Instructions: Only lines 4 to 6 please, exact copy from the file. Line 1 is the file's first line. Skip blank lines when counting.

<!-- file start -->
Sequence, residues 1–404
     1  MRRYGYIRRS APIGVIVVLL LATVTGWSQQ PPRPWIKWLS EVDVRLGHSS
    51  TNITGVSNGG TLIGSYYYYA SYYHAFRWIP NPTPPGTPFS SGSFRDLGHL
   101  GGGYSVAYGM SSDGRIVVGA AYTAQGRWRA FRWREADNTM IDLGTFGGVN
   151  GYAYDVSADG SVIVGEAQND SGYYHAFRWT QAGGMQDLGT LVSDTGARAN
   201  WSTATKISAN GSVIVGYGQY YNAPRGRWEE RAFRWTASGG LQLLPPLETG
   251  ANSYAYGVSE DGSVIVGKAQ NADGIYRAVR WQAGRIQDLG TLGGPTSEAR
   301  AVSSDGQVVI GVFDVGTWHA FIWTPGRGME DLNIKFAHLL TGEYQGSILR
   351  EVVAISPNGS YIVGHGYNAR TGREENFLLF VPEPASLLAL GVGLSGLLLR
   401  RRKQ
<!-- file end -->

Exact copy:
   101  GGGYSVAYGM SSDGRIVVGA AYTAQGRWRA FRWREADNTM IDLGTFGGVN
   151  GYAYDVSADG SVIVGEAQND SGYYHAFRWT QAGGMQDLGT LVSDTGARAN
   201  WSTATKISAN GSVIVGYGQY YNAPRGRWEE RAFRWTASGG LQLLPPLETG